The progressive nature of brain development can be seen quite clearly in the development of human mobility. A child is not born with the ability to walk. At birth, from a neurological perspective, he functions at a reflex level. He can move his arms and legs but any movement that he has is completely reflex and involuntary. But, if he is exposed to adequate sensory stimulation and given adequate opportunity to experiment with his arms and legs, he will learn that certain combinations of movements have certain effects. Eventually, as long as we place him in the prone position (on his tummy), and as long as we do not limit or interfere with him, he will learn how to crawl on his tummy. He is now mobile! He can crawl for transportation! This is the first stage on the path to walking.
Now that this little one is crawling around the house on his tummy there are a whole host of things that are happening to prepare him for the next stage.
Most importantly, as he crawls around the house, his brain is becoming more organized, it is growing new dendrites, it is producing more myelin, and it is producing more brain-derived neurotrophic factor (BDNF) which neuroscientists like to call call “Miracle-Gro for the brain” because of the proliferation of new neurons and dendrites produced whenever it is found in high concentrations. He is literally growing his brain!
But that’s not all! In addition, as he crawls around the house he is developing his muscles. First, he develops the muscles of his neck and trunk. Then, once he can move forward, he develops the muscles of his arms and legs, and his hands and feet. And there’s more! Crawling on the tummy is hard work, even for a little baby, and another result of that hard work is that the baby is developing his ability to breathe. This is important because it is through breathing that we supply most of the oxygen that our brain uses. Most people do not realize this but the ability to breathe is an ability that develops. The breathing of a newborn baby is totally different from that of a grown child. The breathing of a newborn is fast, shallow, and irregular. The breathing of a grown child is slow, deep, and regular. The driving factor in that transition is mobility.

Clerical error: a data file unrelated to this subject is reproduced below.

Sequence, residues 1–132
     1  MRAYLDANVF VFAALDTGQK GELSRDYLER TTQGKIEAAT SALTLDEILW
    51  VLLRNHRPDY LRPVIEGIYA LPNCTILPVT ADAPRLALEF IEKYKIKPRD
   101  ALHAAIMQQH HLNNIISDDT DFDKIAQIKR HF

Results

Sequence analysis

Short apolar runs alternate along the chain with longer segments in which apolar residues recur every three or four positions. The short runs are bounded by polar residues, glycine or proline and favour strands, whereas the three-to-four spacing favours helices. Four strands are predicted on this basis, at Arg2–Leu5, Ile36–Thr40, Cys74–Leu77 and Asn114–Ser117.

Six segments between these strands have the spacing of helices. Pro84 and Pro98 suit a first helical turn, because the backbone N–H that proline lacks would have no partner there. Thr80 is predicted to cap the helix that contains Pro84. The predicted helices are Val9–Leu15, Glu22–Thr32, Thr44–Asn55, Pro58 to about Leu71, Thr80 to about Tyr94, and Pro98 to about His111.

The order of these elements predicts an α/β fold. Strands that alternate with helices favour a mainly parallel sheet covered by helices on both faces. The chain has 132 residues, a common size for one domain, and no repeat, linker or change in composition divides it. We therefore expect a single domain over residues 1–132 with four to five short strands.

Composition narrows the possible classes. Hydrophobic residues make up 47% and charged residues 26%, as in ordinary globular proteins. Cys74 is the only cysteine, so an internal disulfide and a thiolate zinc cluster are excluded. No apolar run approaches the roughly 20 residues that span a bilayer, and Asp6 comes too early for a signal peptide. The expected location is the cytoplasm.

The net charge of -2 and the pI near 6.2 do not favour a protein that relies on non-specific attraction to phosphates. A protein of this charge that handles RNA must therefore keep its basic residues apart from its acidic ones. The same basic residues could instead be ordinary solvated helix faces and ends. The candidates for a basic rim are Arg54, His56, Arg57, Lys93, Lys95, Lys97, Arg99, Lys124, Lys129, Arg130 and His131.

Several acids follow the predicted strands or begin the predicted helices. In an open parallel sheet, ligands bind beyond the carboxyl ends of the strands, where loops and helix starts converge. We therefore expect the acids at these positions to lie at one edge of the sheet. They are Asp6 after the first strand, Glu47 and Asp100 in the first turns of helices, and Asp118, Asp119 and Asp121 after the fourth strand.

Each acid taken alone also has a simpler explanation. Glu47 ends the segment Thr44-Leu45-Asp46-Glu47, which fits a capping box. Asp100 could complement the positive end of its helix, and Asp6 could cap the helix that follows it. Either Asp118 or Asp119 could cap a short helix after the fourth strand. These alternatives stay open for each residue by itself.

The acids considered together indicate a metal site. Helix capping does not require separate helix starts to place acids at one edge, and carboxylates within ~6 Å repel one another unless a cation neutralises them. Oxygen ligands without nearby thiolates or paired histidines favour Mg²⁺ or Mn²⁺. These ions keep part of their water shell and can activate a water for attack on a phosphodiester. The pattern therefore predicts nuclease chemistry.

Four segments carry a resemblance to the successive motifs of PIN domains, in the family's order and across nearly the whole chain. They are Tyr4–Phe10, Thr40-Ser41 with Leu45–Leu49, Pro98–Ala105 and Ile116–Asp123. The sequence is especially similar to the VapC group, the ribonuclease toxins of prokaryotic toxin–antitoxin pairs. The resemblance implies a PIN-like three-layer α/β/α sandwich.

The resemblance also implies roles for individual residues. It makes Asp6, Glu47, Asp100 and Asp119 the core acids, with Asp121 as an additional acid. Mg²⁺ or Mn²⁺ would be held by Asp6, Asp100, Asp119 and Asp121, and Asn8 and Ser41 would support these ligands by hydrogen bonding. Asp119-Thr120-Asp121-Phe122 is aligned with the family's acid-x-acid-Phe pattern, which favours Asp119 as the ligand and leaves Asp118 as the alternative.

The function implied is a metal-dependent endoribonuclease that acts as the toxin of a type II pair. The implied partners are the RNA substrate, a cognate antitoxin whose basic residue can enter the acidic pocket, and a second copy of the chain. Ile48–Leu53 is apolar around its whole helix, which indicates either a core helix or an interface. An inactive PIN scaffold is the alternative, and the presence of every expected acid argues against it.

Once our little one’s brain has developed enough, and he is strong enough, and his breathing is sufficiently developed, he will start to push himself off of the floor in defiance of gravity and into a creeping (hands and knees) position. Now he will spend some time experimenting with this new thing called balance. He will push up, maintain a quadruped position, and experiment with how far he can lean in one direction or the other as he learns about his body and how to keep himself upright. All the while, he continues to develop the strength in his arms and legs.
Eventually, once he has developed good enough balance and has enough confidence in his ability to stay upright, he will start moving forward on his hands and knees. Now he is creeping! Once again, provided we give him ample opportunity to use his new ability, as long as we do not limit or interfere with him, he will become an Olympic creeper.
In the process, he will develop much better balance and far more sophisticated coordination, which are the tools he will need to eventually take that final journey into the unknown, learning how to walk.
So, the process of brain development is progressive. It is a magnificently conceived process in which each level of ability provides the child with the tools that he will need to go on to the next highest level of ability.
The same process happens in all other areas of function. It can be observed in the development of vision, hearing and understanding, tactile ability, language, and manual ability.
Knowledge is power
Now that you know that brain development is progressive, you have a powerful tool in hand. The simple awareness that the brain adheres to this core principle will help you stay attuned to your child’s development. This is not something to obsess about. But it is good to be aware of it because when you are it is highly unlikely that your child will skip any important stages of brain development.
But, of course, life isn’t always so simple as that. Things do happen. That makes this knowledge even more powerful. Why? Because if the developmental process is changed to any significant degree, regardless of the reason, you already have the first step towards a solution. You know that the progression is essential to good development. Now you just need to ensure that it is followed.
The human brain is a magnificent thing. Knowledge is power.
Go hug your kids!